- Farsi NM. Symptoms and signs of temporomandibular disorders and oral parafunctions among Saudi children. J Oral Rehabil 2003; 30:1200.
- Wilne SH, Ferris RC, Nathwani A, Kennedy CR. The presenting features of brain tumours: a review of 200 cases. Arch Dis Child 2006; 91:502.
- Massano D, Julliand S, Kanagarajah L, et al. Headache with focal neurologic signs in children at the emergency department. J Pediatr 2014; 165:376.
- American College of Radiology. ACR appropriateness criteria. Headache - child. Available at http://www.acr.org/~/media/ACR/Documents/AppCriteria/Diagnostic/HeadacheChild.pdf. Accessed August 6, 2012.
- Headache Classification Subcommittee of the International Headache Society. The International Classification of Headache Disorders: 2nd edition. Cephalalgia 2004; 24 Suppl 1:9.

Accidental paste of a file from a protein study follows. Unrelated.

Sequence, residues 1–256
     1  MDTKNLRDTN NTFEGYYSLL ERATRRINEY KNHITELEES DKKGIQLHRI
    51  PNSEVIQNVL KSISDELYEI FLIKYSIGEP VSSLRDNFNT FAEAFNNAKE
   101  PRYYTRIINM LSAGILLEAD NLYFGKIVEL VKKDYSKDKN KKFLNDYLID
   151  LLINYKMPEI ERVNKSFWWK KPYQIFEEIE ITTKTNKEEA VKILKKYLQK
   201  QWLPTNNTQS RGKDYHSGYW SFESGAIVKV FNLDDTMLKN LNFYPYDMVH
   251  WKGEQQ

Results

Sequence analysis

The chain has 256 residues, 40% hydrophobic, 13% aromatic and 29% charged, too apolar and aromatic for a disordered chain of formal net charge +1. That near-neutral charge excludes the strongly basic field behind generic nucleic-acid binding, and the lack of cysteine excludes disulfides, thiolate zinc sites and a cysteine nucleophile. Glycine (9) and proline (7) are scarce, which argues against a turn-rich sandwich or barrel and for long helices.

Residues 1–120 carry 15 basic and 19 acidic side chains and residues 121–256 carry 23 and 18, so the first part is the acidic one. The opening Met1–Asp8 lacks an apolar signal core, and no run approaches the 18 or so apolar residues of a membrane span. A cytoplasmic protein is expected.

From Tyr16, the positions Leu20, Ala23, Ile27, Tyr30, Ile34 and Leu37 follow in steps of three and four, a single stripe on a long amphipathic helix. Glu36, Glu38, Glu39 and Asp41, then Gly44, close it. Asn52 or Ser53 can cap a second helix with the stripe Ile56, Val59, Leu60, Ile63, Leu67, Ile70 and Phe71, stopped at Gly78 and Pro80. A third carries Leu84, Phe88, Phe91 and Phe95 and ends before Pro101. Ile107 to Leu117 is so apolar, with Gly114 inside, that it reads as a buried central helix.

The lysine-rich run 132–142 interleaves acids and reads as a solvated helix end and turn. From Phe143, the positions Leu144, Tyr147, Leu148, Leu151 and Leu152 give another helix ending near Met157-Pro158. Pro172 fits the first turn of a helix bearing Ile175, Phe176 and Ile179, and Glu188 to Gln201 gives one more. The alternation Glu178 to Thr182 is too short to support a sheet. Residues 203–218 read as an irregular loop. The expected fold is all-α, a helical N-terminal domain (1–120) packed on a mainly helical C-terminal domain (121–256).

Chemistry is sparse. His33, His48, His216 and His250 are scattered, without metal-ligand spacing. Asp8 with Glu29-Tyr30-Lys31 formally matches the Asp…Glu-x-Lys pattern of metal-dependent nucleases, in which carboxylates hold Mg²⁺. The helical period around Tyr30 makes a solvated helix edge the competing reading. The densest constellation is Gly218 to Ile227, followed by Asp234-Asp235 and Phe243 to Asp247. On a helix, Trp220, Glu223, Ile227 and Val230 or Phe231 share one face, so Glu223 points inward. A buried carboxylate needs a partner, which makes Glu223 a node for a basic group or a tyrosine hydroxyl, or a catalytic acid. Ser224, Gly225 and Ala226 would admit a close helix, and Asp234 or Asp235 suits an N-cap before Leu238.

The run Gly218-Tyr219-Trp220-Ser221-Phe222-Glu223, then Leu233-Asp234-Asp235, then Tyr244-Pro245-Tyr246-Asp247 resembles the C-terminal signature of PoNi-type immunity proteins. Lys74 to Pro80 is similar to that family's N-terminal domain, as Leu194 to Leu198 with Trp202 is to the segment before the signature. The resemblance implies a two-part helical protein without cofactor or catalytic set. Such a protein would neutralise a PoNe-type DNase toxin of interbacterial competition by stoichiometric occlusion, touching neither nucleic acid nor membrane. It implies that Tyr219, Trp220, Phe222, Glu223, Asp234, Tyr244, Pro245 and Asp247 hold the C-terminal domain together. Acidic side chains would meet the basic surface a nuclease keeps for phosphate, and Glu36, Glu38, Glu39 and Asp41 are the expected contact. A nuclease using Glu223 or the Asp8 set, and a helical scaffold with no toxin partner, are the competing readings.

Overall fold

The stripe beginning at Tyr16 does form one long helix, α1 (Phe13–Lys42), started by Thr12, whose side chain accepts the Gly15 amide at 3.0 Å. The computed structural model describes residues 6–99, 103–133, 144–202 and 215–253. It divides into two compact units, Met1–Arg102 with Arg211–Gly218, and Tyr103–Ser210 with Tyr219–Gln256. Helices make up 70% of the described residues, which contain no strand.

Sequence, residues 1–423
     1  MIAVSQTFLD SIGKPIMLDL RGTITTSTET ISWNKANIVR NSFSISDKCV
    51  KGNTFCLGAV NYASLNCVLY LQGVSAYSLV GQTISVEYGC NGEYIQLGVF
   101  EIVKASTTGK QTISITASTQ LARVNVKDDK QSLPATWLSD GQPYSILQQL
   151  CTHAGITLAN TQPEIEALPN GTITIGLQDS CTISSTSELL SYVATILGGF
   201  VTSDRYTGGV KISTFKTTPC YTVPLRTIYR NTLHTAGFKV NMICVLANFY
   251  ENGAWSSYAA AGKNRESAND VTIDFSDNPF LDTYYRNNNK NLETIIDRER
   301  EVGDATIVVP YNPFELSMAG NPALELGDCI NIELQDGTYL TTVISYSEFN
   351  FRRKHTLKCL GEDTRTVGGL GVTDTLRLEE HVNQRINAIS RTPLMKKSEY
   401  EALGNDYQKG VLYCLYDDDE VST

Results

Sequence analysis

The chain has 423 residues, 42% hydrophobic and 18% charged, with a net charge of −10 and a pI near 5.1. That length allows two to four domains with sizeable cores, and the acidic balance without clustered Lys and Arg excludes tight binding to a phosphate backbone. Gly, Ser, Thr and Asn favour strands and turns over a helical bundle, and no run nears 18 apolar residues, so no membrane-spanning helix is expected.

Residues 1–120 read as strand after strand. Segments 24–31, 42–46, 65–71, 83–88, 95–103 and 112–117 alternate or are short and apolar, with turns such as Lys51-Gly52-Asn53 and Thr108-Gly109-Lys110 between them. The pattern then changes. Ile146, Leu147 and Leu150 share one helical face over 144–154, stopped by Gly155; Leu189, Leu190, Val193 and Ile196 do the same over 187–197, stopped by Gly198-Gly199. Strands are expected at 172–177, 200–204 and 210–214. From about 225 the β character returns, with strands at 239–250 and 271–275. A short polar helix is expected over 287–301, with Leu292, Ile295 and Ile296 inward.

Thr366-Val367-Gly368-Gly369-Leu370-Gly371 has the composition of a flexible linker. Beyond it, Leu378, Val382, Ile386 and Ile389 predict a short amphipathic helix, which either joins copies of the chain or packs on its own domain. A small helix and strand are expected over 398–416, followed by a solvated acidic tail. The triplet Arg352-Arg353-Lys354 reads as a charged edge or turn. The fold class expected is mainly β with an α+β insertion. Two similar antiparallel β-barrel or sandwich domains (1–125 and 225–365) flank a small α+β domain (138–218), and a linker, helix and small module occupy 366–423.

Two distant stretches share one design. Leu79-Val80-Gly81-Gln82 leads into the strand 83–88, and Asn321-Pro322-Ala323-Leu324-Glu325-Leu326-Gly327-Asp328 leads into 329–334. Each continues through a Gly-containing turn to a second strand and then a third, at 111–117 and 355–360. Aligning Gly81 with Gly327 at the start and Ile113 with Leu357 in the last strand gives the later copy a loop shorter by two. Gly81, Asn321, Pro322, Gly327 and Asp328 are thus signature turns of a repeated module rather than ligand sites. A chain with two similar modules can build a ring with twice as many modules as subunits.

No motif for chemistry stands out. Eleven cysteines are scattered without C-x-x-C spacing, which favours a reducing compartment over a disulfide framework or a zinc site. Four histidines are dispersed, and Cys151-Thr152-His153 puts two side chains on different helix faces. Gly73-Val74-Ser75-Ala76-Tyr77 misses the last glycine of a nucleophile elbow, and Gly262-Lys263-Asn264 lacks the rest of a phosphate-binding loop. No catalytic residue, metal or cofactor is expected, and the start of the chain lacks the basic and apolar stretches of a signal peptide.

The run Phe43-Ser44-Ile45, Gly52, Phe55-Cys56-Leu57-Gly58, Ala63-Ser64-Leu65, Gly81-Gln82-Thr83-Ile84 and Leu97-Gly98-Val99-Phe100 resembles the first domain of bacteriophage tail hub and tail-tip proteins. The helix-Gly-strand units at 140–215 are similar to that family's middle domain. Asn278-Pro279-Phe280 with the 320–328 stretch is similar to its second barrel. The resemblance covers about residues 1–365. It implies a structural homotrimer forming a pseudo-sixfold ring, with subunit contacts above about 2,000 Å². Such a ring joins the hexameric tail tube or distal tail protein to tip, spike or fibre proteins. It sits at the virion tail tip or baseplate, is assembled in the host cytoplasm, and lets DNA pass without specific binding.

- Life-threatening conditions
- - Infection
- - Tumor
- - Intracranial hemorrhage
- - Carbon monoxide poisoning
- - Hypertension
- Common conditions
- - Infection
- - Migraine
- - Tension-type headache
- Other conditions
- - Temporomandibular joint dysfunction
- - Idiopathic intracranial hypertension
- - Cluster headaches
- - Headache characteristics
- - Associated symptoms
- - Past medical history
- Physical examination
- Neurologic examination
- Ancillary studies
- - Neuroimaging
- - Lumbar puncture
- - Blood testing
- ALGORITHMIC APPROACH
- History of chronic or recurrent headaches
- Normal neurologic examination
- - Fever
- - No fever
- Focal neurologic examination
- - CT scan abnormal
- - CT scan normal
- INFORMATION FOR PATIENTS